From the Editor's Chair - v7

24 November 2003

The story of an online gambling addict convicted of embezzling $65,000 from her company to support her habit looks like a wasted opportunity for Camp Kyl. The piece aired on WNDU TV in South Bend last week, right about the same time Sen. Kyl was conceding defeat for the year in the battle to pass his I-gaming funding prohibition bill. Such stories (not to diminish the seriousness of the situation) usually come gift-wrapped for Kyl and Co. within a week or two of congressional hearings. Just a case of bad timing, but I'm guessing they'll stow this one away for later date.

Speaking of the Kyl bill, how 'bout a pat on the back for those who contributed to successfully defeating prohibition for the eighth consecutive year. This was undoubtedly the most difficult year yet, and I was among those who thought Kyl would finally get it done. (Dare I say he's finally lost some momentum?) We don't always see progress in the public eye, but there are people working very hard behind the scenes against prohibition policies, and their efforts have paid off again.

I don't like what the University of Newcastle and the NSW Financial Counselors' Association have to say in their recently released report, " Misfortune or Mismanagement: A Study of Consumer Debt Issues." Their research found that excessive mobile phone usage is a top contributor to personal debt among young Australians. Naturally, the study found that gambling is a big contributor (across all age groups) as well. To me this shows that gambling and mobile phones could be a lethal combination, and that might not sit so well with the Department for Communications, Information Technology and the Arts, the ministry that oversees I-gaming policy. Let's hope those in the mobile betting business Down Under are addressing responsible gambling adequately. This sector has a tremendous growth potential and the businesses involved need to protected by taking a proactive approach.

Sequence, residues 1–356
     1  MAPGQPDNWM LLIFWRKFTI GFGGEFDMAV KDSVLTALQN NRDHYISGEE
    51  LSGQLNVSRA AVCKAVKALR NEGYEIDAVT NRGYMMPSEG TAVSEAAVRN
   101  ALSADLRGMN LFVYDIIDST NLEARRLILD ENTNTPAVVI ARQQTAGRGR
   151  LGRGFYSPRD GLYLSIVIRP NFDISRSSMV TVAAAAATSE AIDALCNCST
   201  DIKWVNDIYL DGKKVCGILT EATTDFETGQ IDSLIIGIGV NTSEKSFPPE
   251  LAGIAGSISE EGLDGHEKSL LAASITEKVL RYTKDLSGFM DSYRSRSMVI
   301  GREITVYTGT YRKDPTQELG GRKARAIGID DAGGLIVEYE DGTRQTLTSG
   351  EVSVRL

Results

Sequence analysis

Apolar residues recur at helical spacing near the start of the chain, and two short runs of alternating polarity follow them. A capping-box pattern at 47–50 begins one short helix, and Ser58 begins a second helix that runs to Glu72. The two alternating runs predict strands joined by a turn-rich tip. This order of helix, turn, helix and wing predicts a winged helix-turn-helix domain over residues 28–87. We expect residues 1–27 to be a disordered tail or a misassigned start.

Something's brewing in Thailand on the soccer betting front, but don't expect anything to happen soon. The country's Government Lottery Office has embarked upon a movement to legalize soccer betting, perhaps with eyes on repeating what Hong Kong has accomplished by doing so. Somchainuk Engtrakul, who chairs the department, said it will be at least a year before such a policy could be implemented. I'm hearing that one year might be awfully optimistic.

I don't know how the TAB mess is going to pan out in Australia, but I'm selfishly hoping it results in only one company in the entire country containing the word "tab" in its name. The situation is confusing enough without all of the companies involved sharing the same name.

Mark Balestra

Mark Balestra is the Managing Director at BolaVerde Media Group. He previously worked at Clarion Gaming and the River City Group where he was the publisher of iGamingNews. He lives in St. Louis, Missouri.